The Kiss

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Lilac walls and pink settees
Hexagon tables with cups of tea
Ritzy people righting the wrong
A pianist playing whilst singing a song

Glasses clicking under corks that pop
Laughter and kisses painting the backdrop
A woman in love, it’s in her eyes
As a married man is telling her lies.

A band strikes up, a guitar plucks away
The restaurant is filling this middle of the day
It’s the place to cavort, it’s the place to be seen
It’s the place where anyone who’s anyone has certainly been.

The married man is checking his phone
By the look on his face, it’s a call from home.
He makes his excuses, she’s lost, no words to say.
He pays the bill then rushes away.

She’s awkwardly enmeshed in the gathering stares
Onlookers looking for signs of despairs.
She takes her bag and coat too fast
A glass falls from a table as she brushes past

She reaches the street, calm to a degree.
The anger hits hard—‘How dare he leave me!
That was his wife on the phone and he chose to go
I’ll not wait for him. It will be me who delivers the final blow.

I did not see how this affair came to end
But I heard a rumour that night from a friend
She said she knew a woman who’d been slighted that day
In a restaurant, I used as a hideaway.

The woman had murdered the man then killed his wife
She was charged with murder and looking at life
Then she’d hanged herself in disgrace
The newspapers reported the affair was commonplace.

I put a different take on this scene
To me, life is nothing but obscene
But if falling in love is what you wish
You can’t hide the reality behind a kiss.

© 2019, Daniel Kemp All rights reserved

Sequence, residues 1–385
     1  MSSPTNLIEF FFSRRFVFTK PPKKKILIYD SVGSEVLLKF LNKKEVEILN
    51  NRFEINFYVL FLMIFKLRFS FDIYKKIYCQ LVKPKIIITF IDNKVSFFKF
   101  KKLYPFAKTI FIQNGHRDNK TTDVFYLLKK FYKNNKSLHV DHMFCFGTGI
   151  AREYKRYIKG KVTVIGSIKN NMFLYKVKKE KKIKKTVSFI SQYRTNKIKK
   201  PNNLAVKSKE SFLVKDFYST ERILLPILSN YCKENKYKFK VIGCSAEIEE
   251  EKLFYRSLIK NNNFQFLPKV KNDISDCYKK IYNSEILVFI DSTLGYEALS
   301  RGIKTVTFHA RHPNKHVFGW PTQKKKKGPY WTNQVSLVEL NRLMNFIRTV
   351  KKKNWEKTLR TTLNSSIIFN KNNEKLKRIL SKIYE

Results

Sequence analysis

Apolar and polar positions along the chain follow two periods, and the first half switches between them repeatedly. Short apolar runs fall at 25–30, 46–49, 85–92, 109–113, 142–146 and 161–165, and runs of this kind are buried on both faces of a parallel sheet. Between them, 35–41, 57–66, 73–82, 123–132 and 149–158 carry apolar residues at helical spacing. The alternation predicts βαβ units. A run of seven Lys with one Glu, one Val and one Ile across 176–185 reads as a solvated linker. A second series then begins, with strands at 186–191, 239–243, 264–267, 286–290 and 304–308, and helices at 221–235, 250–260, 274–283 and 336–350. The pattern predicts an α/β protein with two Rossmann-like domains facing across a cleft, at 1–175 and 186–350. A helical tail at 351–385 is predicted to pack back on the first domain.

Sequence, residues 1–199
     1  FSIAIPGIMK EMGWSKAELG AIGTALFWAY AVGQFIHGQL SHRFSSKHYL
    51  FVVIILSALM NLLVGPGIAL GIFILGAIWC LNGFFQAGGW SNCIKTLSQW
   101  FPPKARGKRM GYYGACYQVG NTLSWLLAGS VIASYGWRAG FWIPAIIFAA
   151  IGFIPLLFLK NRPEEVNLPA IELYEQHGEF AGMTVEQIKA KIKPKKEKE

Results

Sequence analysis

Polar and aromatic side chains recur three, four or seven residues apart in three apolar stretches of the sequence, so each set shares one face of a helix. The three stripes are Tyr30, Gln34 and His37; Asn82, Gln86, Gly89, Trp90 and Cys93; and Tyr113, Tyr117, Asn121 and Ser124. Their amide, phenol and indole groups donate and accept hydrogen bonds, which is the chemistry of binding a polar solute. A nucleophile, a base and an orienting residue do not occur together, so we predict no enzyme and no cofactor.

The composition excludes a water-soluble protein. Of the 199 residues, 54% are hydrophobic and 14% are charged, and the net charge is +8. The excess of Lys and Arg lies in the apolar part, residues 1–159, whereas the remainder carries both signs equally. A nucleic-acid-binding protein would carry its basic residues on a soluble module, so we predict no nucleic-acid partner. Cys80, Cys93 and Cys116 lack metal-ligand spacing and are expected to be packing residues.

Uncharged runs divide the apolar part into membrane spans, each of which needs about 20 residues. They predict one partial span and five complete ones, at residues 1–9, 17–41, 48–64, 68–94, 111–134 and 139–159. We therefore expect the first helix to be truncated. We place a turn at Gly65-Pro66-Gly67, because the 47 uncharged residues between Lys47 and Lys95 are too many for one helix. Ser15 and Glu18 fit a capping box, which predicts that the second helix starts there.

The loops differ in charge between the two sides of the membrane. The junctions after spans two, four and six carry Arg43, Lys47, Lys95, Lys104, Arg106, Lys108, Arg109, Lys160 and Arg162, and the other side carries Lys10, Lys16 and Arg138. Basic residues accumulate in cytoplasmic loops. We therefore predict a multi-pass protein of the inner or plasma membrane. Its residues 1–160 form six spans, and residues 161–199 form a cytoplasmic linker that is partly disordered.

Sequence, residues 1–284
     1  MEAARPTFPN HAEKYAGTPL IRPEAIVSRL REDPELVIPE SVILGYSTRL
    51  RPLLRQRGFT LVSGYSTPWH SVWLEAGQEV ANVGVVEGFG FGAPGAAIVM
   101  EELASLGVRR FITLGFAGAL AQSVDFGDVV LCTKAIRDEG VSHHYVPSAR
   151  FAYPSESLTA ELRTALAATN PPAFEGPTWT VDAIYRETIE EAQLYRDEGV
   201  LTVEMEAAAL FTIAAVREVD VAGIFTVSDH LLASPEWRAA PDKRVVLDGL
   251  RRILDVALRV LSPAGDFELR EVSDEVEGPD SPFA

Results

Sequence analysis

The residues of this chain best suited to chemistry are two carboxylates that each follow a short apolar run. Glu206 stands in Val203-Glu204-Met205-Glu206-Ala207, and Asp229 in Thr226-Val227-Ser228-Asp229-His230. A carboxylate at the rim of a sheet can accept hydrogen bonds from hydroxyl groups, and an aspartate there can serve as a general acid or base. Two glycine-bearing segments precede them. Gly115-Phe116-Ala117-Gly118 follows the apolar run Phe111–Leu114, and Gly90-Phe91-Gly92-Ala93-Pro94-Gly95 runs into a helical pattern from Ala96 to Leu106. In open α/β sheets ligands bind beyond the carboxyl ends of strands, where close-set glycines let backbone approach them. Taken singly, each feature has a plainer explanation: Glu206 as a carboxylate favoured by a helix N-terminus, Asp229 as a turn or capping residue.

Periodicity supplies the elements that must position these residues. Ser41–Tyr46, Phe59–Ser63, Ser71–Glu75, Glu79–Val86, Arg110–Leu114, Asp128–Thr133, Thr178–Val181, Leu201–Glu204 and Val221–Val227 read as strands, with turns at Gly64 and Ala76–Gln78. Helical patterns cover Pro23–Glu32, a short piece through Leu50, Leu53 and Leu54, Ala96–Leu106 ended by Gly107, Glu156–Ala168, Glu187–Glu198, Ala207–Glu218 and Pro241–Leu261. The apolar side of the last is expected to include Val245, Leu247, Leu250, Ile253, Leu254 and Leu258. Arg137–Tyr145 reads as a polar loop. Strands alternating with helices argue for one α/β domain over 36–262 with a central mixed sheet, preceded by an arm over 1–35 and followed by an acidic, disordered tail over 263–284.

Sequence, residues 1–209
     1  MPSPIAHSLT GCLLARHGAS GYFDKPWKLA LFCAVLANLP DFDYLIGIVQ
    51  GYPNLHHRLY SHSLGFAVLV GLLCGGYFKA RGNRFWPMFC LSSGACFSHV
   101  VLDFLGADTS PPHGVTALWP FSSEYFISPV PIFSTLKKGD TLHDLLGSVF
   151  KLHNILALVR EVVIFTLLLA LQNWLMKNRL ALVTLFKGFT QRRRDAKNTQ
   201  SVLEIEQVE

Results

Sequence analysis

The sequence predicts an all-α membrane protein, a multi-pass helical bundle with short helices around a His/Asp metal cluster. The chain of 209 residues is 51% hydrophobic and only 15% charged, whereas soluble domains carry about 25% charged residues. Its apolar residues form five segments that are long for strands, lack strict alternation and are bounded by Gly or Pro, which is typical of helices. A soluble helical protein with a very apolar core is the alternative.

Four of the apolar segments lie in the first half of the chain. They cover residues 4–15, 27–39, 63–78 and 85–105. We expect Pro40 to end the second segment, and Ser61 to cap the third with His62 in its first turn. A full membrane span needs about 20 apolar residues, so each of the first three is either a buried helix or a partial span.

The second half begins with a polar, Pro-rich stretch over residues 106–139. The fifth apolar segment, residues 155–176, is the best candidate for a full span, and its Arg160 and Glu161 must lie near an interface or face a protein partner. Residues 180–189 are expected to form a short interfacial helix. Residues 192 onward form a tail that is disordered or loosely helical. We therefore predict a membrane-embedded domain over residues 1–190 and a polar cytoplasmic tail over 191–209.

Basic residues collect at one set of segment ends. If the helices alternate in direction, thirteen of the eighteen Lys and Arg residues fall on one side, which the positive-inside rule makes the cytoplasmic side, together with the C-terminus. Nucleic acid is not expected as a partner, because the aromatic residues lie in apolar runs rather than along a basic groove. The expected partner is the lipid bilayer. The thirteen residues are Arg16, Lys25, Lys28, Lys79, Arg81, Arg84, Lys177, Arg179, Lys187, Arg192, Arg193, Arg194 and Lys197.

About Daniel Kemp

Daniel Kemp’s introduction to the world of espionage and mystery happened at an early age when his father was employed by the War Office in Whitehall, London, at the end of WWII. However, it wasn’t until after his father died that he showed any interest in anything other than himself! On leaving academia he took on many roles in his working life: a London police officer, mini-cab business owner, pub tenant and licensed London taxi driver, but never did he plan to become a writer. Nevertheless, after a road traffic accident left him suffering from PTSD and effectively—out of paid work for four years, he wrote and self-published his first novel —The Desolate Garden. Within three months of publication, that book was under a paid option to become a $30 million film. The option lasted for five years until distribution became an insurmountable problem for the production company. All seven of his novels are now published by Creativia with the seventh—The Widow’s Son, completing a three book series alongside: What Happened In Vienna, Jack? and Once I Was A Soldier. Under the Creativia publishing banner, The Desolate Garden went on to become a bestselling novel in World and Russian Literature in 2017. The following year, in May 2018, his book What Happened In Vienna, Jack? was a number one bestseller on four separate Amazon sites: America, UK, Canada, and Australia.  Although it's true to say that he mainly concentrates on what he knows most about; murders laced by the mystery involving spies, his diverse experience of life shows in the short stories he writes, namely: Why? A Complicated Love, and the intriguing story titled The Story That Had No Beginning. He is the recipient of rave reviews from a prestigious Manhattan publication and described as—the new Graham Green—by a highly placed employee of Waterstones Books, for whom he did a countrywide tour of book signing events. He has also appeared on 'live' television in the UK publicising that first novel of his. He continues to write novels, poetry and the occasional quote; this one is taken from the beginning of Once I Was A Soldier There is no morality to be found in evil. But to recognise that which is truly evil one must forget the rules of morality.
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6 Responses to The Kiss

  1. This is a very revealing poem, Danny. There is a lot of truth about relationships and life included here.

  2. Daniel Kemp says:

    I spent a lifetime watching people and sometimes I was right about them.

  3. The dark side of love Danny and you cannot escape from a woman scorned.. loved it..

  4. Daniel Kemp says:

    Thank you, Sally 🙂

  5. markbierman says:

    Well done! You made that scene come alive!

  6. Daniel Kemp says:

    That’s very kind of you to say, Mark. 🙂

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